And I cant really call him a 'Gothic Inspiration' so much as a general living legend who happens to play Goth-friendly music... but Mana of Malice Mizer/Moi Dix Mois fame. I have a huge amount of admiration for this guy, mainly because of how he just does things his own way. He was the bandleader of one of the most creative and theatrical bands I've ever come across, and is now making a living out of a self-indulgent pet project, coupled with the entire brand of fashion he created. Also, he's an eccentric in Japan. He lives in one of the most pro-conformity nations in the world, and he doesn't conform. There are stories of him trying to get a job in 80's Tokyo whilst sporting green hair, there are photos of him just wandering down the road crossdressed. If you read an interview with him, it becomes clear that he definitely has his own way of seeing the world and has no desire to make his music anyone else's way. Also, he explicitly said that the Visual Kei scene was a mess, so he was going to turn to clock back- a.k.a, reclaim it, rather than run away from it, which is what a lot of other artists tend to do. 

Thursday, 13 October 2011

Question 10 is a juggernaut (Question 11 comes free).

Just realised that in the last post alone, I have sentences that jump around every tense in the English language and an 'it' with two Is. So careless! I really need to start proofreading my posts...


Day 10 – What do you hate and love about the subculture?:

Well, normally I don't make entire posts about individual questionnaire questions, but I feel I have enough to say about this one to break that rule.

Bad thing 1: Elitism:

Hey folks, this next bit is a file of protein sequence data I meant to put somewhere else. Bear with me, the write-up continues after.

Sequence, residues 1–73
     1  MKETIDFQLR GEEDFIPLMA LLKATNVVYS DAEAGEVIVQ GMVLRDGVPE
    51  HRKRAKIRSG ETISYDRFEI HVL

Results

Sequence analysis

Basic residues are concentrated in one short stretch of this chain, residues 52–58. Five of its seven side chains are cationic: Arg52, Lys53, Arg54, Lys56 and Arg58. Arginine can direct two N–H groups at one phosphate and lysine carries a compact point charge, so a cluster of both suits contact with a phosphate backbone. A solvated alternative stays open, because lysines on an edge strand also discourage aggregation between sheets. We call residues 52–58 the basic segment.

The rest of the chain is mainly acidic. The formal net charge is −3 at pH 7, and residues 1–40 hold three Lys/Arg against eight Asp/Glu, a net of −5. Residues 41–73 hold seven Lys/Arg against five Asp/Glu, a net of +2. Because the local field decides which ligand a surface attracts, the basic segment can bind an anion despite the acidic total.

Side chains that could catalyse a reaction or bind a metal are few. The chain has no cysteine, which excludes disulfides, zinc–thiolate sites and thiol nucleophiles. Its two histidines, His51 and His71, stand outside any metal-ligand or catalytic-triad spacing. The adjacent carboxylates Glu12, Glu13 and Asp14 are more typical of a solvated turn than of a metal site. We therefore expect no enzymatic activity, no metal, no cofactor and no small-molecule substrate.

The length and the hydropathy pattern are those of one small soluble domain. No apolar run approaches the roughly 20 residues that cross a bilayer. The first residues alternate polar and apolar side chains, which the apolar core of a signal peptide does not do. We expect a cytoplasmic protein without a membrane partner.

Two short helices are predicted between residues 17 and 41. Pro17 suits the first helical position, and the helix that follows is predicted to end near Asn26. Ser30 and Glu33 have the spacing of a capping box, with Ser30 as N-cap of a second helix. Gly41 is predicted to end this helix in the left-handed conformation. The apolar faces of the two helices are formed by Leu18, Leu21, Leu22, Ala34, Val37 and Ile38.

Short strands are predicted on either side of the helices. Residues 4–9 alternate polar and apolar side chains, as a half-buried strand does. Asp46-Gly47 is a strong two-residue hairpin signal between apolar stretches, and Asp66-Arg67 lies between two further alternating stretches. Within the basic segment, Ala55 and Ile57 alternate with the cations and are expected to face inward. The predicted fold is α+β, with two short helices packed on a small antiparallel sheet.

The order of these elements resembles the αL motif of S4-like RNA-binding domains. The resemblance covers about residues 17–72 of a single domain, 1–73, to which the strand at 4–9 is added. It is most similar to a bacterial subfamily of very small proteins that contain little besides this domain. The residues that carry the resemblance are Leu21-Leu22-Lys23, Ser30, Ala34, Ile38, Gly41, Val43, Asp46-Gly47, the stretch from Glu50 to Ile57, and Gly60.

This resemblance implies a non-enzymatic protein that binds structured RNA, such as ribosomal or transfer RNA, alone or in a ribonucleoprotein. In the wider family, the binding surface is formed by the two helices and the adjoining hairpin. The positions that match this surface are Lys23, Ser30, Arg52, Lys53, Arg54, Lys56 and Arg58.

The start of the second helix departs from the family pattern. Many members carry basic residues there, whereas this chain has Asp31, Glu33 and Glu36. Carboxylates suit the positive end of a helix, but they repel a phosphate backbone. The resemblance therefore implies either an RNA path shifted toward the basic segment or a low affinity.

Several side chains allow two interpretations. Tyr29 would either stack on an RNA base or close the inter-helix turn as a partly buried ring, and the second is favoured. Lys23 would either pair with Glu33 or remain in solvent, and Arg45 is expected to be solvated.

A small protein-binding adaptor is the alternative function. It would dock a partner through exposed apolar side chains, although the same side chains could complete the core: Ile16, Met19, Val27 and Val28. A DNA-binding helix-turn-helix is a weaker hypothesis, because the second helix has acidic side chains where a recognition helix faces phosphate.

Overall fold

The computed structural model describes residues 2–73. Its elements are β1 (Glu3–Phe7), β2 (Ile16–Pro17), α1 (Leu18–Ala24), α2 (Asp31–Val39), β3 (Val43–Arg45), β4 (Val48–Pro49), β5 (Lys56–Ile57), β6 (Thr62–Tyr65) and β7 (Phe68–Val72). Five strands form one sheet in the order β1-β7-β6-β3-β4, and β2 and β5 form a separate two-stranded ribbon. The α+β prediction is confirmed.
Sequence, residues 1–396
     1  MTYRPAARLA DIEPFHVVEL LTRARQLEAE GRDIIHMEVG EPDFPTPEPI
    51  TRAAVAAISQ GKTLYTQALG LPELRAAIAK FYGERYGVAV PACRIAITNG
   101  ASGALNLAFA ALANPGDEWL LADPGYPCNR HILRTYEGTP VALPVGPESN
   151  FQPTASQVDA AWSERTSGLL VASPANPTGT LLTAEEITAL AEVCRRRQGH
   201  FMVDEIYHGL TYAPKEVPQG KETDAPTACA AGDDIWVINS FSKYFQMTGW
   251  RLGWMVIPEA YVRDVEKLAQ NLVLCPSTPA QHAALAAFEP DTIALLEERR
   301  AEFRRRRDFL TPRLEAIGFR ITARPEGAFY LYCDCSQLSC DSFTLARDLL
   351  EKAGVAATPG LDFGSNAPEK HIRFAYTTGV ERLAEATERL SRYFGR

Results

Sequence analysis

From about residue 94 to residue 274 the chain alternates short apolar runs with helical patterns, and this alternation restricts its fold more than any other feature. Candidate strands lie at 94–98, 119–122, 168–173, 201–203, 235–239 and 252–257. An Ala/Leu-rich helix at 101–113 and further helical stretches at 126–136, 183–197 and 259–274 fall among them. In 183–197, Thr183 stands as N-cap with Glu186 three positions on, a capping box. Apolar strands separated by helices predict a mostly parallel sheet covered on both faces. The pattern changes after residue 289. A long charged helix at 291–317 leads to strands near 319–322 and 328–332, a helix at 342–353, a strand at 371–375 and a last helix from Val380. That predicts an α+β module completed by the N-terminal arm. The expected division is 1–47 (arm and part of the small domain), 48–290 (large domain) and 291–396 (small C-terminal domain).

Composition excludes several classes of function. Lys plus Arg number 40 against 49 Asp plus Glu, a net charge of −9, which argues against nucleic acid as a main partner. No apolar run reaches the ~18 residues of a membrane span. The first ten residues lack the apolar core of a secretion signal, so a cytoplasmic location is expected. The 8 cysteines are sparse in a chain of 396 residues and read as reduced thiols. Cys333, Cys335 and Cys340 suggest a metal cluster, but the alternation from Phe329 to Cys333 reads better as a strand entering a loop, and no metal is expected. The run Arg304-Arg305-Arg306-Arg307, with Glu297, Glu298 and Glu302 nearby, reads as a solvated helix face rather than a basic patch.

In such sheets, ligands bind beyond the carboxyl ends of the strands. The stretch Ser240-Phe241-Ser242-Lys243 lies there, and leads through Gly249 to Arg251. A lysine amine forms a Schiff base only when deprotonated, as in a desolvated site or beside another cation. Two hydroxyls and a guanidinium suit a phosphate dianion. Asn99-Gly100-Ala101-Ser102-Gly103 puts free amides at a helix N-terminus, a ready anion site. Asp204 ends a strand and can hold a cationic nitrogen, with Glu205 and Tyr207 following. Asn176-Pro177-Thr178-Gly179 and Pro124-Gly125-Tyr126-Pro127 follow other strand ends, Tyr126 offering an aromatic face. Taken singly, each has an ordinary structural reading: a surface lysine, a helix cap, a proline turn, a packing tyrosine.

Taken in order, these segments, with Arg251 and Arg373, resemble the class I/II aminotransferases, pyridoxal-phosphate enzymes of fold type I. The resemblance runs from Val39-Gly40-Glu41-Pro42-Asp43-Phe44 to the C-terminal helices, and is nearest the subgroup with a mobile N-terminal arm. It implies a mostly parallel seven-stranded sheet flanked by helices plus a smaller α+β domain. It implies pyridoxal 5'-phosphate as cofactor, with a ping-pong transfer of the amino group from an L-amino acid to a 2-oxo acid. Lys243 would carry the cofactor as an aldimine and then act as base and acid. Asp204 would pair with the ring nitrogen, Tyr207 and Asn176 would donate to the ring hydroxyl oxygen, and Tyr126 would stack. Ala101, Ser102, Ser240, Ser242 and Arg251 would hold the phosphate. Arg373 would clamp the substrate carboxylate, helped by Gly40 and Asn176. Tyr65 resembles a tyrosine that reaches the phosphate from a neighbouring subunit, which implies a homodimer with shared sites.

This probably goes without saying. We all know the types: The trigger-happy Self-Appointed Poseur Police who will take to task anyone who doesn't do things exactly the same way that they do; Playground bullies with no self-awareness who talk gleefully about how much fun it is to tear babybats to shreds, and then wonder why young people aren't joining the subculture; People who accuse emos of the same attention-seeking, faux-depressive, violent behaviour that Goths were accused of for years, and manage to not see the brain-breaking hypocrisy: People who take everything way too seriously and view liking non-Goth music and not wearing elaborate makeup every day as Treason.

You know. Idiots.

What anyone who gets hit with the 'poseur' stick has to remember is that just because the elitists see themselves as experts, it doesn't mean they actually are. In my experience, everyone has a different idea of what Goth is and isn't, and chances are the guy calling you a poseur has been accused of the same himself at some stage. You'll never please everyone, but you'll never displease everyone either.

It is worth saying that there are some things that people claim to be Goth, but aren't. The correct way to deal with this is by politely correcting them, not losing your temper as though they've just committed an act of treason.

Good thing 1: Appreciation of intelligence: